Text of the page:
Regular research paperIsotope paleontology: growth and composition of extant calcareous species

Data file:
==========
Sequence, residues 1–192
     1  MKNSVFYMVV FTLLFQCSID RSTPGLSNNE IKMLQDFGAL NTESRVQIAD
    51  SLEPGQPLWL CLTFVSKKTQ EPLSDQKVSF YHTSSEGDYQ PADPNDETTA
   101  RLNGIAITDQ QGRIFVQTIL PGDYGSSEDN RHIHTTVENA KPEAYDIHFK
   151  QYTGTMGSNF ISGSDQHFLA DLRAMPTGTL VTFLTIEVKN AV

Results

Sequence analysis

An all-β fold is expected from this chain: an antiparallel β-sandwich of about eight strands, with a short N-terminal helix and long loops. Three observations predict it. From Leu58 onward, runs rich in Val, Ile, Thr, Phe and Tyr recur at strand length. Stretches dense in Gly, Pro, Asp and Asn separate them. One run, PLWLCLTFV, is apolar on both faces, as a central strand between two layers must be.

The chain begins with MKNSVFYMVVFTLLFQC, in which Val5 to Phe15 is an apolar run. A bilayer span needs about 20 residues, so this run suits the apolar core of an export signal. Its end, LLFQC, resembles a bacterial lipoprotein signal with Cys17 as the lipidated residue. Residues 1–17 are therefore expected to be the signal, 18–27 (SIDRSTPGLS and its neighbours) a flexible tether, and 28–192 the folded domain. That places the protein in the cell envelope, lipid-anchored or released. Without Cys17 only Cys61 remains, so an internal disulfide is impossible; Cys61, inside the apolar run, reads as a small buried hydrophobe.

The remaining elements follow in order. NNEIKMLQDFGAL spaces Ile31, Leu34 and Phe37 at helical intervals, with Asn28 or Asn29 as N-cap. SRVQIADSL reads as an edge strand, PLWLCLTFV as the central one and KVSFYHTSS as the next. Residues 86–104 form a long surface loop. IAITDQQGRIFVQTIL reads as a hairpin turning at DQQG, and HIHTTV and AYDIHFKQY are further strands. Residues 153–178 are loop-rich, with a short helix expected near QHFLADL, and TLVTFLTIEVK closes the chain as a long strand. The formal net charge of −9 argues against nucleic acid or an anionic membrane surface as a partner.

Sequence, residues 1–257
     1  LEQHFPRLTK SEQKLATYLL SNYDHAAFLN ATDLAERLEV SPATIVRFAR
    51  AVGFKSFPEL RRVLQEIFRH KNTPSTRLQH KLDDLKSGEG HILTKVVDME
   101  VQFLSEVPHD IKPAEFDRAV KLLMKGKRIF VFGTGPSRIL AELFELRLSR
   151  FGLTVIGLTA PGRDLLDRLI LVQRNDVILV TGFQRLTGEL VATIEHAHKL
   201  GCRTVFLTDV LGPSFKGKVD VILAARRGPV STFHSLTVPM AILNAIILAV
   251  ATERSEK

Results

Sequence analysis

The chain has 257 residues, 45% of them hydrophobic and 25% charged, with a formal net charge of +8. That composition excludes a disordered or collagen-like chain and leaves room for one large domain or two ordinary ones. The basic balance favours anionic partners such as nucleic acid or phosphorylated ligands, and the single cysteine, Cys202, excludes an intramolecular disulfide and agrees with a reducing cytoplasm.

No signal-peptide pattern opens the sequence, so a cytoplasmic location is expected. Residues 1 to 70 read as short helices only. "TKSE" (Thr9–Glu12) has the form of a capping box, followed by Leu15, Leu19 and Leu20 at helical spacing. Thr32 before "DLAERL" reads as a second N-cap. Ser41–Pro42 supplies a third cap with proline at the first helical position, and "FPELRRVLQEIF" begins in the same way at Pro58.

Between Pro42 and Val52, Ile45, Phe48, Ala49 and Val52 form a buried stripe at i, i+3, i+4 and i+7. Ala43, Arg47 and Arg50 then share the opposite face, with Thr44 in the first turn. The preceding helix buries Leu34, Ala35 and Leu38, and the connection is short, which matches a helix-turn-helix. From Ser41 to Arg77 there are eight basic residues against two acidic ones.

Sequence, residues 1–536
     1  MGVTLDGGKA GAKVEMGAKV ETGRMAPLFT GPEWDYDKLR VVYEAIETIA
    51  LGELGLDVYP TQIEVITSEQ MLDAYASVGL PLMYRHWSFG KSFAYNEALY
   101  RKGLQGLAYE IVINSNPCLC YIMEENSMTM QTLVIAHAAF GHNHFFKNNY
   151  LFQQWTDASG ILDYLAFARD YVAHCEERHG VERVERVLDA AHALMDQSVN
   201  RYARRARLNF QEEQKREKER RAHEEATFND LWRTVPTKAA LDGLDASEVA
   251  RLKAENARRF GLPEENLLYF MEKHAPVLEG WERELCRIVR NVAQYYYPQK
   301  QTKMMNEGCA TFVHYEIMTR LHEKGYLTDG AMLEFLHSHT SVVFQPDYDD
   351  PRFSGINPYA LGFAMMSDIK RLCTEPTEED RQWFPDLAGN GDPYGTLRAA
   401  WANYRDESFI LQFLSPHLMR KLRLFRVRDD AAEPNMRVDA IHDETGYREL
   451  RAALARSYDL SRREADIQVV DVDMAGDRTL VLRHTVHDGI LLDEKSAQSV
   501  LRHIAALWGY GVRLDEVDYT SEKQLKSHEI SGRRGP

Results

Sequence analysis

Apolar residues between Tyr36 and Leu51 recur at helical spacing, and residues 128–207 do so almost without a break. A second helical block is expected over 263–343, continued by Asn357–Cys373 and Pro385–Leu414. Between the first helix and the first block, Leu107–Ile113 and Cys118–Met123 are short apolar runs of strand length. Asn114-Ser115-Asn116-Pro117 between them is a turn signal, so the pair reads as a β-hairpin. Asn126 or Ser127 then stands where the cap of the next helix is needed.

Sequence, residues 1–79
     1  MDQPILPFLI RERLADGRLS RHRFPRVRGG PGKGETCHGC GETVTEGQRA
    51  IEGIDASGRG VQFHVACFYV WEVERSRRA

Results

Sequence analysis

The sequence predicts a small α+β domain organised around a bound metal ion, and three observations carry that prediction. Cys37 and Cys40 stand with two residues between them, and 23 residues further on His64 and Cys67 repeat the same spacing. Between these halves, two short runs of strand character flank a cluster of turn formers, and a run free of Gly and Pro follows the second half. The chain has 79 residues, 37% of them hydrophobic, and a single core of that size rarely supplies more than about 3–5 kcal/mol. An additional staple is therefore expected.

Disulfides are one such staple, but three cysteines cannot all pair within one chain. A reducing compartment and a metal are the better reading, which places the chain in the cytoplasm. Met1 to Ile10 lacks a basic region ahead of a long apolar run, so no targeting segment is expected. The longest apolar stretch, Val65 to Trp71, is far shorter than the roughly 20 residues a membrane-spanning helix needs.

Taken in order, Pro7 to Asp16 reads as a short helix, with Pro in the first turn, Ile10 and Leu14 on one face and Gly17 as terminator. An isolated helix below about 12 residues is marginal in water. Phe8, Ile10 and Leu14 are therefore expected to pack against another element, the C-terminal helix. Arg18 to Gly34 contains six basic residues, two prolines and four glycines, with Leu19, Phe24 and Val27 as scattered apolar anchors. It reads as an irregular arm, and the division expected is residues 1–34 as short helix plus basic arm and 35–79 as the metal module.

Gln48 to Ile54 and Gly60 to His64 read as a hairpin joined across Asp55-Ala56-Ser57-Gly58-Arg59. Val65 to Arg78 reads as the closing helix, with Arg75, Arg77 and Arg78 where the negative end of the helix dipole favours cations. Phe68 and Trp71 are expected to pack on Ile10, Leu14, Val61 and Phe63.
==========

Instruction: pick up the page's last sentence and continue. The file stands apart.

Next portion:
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AbstractIsotope paleontology uses the isotopic composition of fossil remains of organisms to make inferences about the physical surroundings of growth of the organisms (especially temperature), and to obtain clues about life history and modes of growth. In calcareous fossils, oxygen isotopes are mainly used in the former, and carbon isotopes in the latter. However, since physical surroundings and organism response are intimately associated, both types of information are contained in each of the isotopic signals. To explore the potential of isotope paleontology, and to provide a basis for reconstruction, a broad range of extant organisms has been studied, taking the pioneering work of Epstein and associates as a starting point. Results are summarized for a representative sampling of these studies, with emphasis on work at the laboratories of the authors, from the mid-seventies to the present. The organisms considered are nannoplankton, benthic algae, planktonic and benthic deep-sea foraminifera, “larger” foraminifera, sponges, corals, bryozoans, polychaetes, arthropods, bivalves, gastropods, cephalopods, and vertebrates (fish otoliths). The survey broadly suggests that, regarding oxygen isotopes, materials tend to be precipitated close to equilibrium with the surrounding seawater (as postulated by Urey), and that for carbon isotopes disequilibrium is the rule. Life spans, growth rates, differential seasonal growth, and age of reproductive activity can be extracted under favorable circumstances from individual shells and skeletal parts. In detail, the interpretation of isotope records of individual shells is quite complicated, and simple models will fail to give satisfactory results in many or most cases.

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